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The Oscar win in 2002 ‘didn’t open the door’ for black actresses

Halle Berry became the first black woman to win an Oscar for Best Actress in 2002.

No other African-American thespian has won the award in two decades.

 

The “X-Men” star, 55, reflected on the evening and admitted that progress for actresses of colour has been slow.

 

“If you didn’t win the Globe, you didn’t win the Oscar,” Berry recently told the New York Times.

 

It’s great to be here, but I’m not going to win,” she said.

 

In the Bedroom, Sissy Spacek won a Golden Globe that year. Berry won an Oscar in 2002 for the drama “Monster’s Ball,” about a grieving mother and widow.

 

“It didn’t work,” Berry said. “No one standing beside me is heartbreaking.”

“We can’t always judge success or progress by how many awards we have,” she said.

 

Awarded are peers saying you were exceptionally excellent this year, she told the outlet. “Doesn’t that mean we weren’t great, successful, changing the world with our art, and growing our opportunities?”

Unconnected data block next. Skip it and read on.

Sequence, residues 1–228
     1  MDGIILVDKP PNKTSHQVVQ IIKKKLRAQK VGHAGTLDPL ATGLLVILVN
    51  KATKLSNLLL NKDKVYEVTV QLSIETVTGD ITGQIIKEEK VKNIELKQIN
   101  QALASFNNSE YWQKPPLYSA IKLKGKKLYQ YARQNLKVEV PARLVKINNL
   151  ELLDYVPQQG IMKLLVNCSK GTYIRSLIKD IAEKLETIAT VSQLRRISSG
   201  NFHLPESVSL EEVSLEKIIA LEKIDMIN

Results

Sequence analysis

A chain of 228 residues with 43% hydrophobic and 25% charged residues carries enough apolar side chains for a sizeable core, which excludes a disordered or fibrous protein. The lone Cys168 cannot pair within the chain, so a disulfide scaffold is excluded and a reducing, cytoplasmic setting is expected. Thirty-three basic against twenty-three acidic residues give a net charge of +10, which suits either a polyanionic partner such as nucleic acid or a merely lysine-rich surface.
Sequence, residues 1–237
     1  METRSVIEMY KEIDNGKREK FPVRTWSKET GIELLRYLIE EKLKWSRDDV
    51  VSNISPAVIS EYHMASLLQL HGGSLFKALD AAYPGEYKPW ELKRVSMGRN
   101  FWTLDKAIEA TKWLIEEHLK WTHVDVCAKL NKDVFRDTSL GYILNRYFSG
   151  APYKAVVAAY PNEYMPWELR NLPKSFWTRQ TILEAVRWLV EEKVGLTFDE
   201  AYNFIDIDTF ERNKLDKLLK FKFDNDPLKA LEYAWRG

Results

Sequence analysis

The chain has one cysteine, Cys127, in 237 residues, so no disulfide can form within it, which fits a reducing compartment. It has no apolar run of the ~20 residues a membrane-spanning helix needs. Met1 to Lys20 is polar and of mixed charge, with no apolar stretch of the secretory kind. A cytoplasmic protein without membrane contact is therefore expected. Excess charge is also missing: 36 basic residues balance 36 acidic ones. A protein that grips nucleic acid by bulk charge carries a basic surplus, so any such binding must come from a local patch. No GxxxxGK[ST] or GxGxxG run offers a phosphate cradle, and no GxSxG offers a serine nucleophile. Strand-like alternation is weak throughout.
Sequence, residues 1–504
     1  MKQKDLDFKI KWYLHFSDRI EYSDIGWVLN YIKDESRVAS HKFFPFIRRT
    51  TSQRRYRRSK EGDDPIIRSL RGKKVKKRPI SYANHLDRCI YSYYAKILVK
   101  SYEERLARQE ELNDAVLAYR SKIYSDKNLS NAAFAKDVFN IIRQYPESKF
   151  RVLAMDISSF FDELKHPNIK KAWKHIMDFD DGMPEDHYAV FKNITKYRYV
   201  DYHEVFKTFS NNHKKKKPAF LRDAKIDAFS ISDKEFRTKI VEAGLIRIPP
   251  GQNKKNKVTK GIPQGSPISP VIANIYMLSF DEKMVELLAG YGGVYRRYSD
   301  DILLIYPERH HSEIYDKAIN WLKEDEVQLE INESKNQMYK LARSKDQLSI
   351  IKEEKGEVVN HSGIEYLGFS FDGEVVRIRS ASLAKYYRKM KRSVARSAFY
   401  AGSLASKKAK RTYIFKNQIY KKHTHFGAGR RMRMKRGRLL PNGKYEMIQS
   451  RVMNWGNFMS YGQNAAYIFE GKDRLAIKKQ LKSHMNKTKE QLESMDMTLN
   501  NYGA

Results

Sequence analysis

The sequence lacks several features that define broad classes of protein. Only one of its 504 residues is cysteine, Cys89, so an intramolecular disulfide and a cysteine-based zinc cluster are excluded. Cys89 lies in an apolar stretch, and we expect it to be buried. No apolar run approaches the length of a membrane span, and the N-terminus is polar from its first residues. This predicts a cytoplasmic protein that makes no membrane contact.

Last year, Viola Davis for “Ma Rainey’s Black Bottom” and Andra Day for “The United States vs. Billie Holiday” were both nominated for Best Actress Oscars.

 

But no black women were nominated for Best Actress this year.

“This moment is so much bigger than me,” Berry said after winning. The honour goes to Diahann Carroll and Dorothy Dandridge. It’s for Jada Pinkett, Angela Bassett, and Vivica Fox. A chance has been given to every nameless, faceless woman of colour tonight.”

 

Berry described her feelings that fateful night to the New York Times. “I have no memory of it,” she says. “I have no idea how I got there. It was a total blackout. ‘Breathe, mate,’ I recall Russell Crowe saying. Then I just started talking, holding a golden statue.”

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